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In the final stages, waves of blue washed up against the Maroon wall. Even in the last seconds, this game, this season, refused to end. The Queenslanders were celebrating full-time on the perimeter of the field while the referee was still assessing a captain’s challenge, NSW’s last ploy when all else had failed.

As an Origin series, this one tested the patience of fans, many of whom had been worn out by the interminable season and, by November, had switched over to their favourite dramas. But for those who remained, Origin is a drama queen without parallel, whoever is wearing the jerseys. It’s a remarkable entertainment. This Queensland team was derided as the worst ever. Compared with the best ever, elected by experts on this 40th anniversary, they don’t stack up at all. Perhaps they are the worst. But they were still too good for NSW’s best.



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US election 2020: Amanda Knox sparks backlash by joking about her prison time in Italy | US News


Amanda Knox has been criticised after making a joke about the US election.

The 33-year-old American spent almost four years behind bars after being convicted of murdering Meredith Kercher, a 21-year-old British student, in 2007.

Knox was famously acquitted of the crime in 2011 and completely exonerated in 2015.

US election 2020 live: Follow the latest updates

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Amanda Knox’s tweet has caused a backlash

As votes continue to be counted in the US, she tweeted: “Whatever happens, the next four years can’t be as bad as that four-year study abroad I did in Italy, right?”

The post to her 70,000 followers caused a backlash.

One user replied: “There’s something wrong with you.”

Another wrote: “I can think of another student studying abroad in Italy that had it a lot f****** worse.”

And someone else asked: “Amanda, are you not ashamed of yourself?”

Rudy Guede was eventually convicted for the murder and is currently serving a 16-year prison sentence.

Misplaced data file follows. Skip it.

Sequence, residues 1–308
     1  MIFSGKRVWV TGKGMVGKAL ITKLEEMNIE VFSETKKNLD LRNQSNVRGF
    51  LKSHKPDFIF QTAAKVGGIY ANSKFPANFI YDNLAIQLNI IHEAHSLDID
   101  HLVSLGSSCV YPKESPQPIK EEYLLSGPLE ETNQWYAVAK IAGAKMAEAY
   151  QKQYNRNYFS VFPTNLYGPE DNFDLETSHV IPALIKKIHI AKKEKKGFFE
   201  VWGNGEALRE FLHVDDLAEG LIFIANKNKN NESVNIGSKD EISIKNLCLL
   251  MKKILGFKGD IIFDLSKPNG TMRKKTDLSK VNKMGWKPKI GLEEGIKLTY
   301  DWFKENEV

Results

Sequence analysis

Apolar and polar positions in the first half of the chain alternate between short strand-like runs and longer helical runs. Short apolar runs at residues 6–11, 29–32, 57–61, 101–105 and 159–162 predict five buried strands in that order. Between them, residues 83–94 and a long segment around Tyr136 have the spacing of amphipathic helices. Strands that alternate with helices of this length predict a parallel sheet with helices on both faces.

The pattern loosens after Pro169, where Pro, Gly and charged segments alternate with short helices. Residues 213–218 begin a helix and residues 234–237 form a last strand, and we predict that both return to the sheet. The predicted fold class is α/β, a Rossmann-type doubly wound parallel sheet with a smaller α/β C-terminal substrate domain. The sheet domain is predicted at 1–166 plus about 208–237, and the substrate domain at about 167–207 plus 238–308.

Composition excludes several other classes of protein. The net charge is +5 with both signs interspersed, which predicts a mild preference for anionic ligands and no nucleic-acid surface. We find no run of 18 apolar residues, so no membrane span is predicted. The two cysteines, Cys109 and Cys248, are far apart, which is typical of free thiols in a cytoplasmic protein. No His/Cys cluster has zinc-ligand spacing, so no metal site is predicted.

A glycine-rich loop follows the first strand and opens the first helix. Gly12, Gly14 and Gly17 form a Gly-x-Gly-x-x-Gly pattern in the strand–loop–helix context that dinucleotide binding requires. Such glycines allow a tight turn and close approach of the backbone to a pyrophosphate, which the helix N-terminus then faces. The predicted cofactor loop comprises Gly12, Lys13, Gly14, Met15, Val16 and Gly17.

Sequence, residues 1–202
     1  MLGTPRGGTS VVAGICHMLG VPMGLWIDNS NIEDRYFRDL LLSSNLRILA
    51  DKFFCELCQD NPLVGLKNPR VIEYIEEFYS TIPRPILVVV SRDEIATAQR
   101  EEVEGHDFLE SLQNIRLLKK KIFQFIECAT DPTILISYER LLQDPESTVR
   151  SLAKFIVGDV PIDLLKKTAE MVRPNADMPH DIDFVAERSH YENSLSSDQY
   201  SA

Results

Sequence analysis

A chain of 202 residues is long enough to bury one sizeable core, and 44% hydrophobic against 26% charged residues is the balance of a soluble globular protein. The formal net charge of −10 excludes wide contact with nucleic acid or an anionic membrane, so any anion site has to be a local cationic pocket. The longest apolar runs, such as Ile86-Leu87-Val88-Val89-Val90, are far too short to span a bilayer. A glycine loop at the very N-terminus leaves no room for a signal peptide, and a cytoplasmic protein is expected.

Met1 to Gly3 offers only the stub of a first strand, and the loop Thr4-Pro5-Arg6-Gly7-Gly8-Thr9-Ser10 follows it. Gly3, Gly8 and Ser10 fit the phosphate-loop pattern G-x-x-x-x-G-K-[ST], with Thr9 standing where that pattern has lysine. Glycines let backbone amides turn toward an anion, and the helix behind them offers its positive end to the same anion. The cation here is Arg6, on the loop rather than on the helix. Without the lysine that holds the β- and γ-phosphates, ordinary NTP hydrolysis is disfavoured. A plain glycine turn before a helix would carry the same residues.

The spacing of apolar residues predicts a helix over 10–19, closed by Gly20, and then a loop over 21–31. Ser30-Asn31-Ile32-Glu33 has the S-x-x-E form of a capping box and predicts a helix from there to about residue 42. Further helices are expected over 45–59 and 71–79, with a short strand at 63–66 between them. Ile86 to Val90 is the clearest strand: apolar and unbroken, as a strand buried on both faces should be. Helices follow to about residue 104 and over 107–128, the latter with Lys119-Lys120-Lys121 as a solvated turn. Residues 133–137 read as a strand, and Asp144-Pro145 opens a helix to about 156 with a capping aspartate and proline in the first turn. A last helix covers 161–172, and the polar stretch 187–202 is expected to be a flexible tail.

As well as receiving negative comments, there was also some support for Knox.

Zoey Kennedy Tweeted: “Right! Wrongfully convicted spending four years in a foreign prison and others commenting need to understand her experience doesn’t take away from somebody else’s experiences. Not a competition! She has the right to talk about hers.”

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Knox – who describes herself as an “exoneree” and “journalist” on her Twitter account – has since gone on to become a criminal justice activist and hosts a podcast with her partner Christopher Robinson.



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Former Knox Grammar sports director had pictures of babies among child abuse photos, courts documents reveal


A disgraced former sports director at Sydney’s Knox Grammar who has pleaded guilty to possessing thousands of child abuse photos told police he was “ashamed” and would “cop the punishment”.

Nicholas Warby’s stash of more than 3,400 photos and videos, stored on multiple devices, was discovered after he accidentally left his phone at a pool in August 2019.

The 31-year-old will be sentenced in September for possessing child abuse material and drugs after pleading guilty in April.

None of the material related to Knox students, the school has previously reassured parents.

Court documents reveal Warby used a fake Instagram account to trawl through photos of boys in swimwear, downloaded swimming videos from YouTube and used fake email addresses.

Dropbox links from group chats provided much of the material, while two USB devices containing thousands of images and videos were also given to him by a man named “Jay” from Cronulla, who he met on the hook-up app Grindr.

None of the material related to Knox Grammar School students.(AAP: Dan Himbrechts)

He admitted the graphic videos — many of which involved the sexual abuse of prepubescent boys and, in some cases, even babies under two — were “absolutely awful”.

But Warby also insisted the material was for “private purposes” and he didn’t forward it on to anyone else.

“I’ve done wrong,” he told police in an interview, according to the agreed facts.

A school employee who found the lost phone went through its contents, trying to find the owner, and discovered at least 26 child abuse images.

Police then searched Warby’s car and Bayview home and found thousands of other photos and videos stored on two separate phones and the USB sticks.

There was also a small amount of methamphetamine and a vial of GHB in his car.

In a letter sent after Warby’s arrest, Knox headmaster Scott James reassured parents the school operated with a “gold standard for the protection of those in our care”.

Warby faces a maximum penalty of 10 years in prison.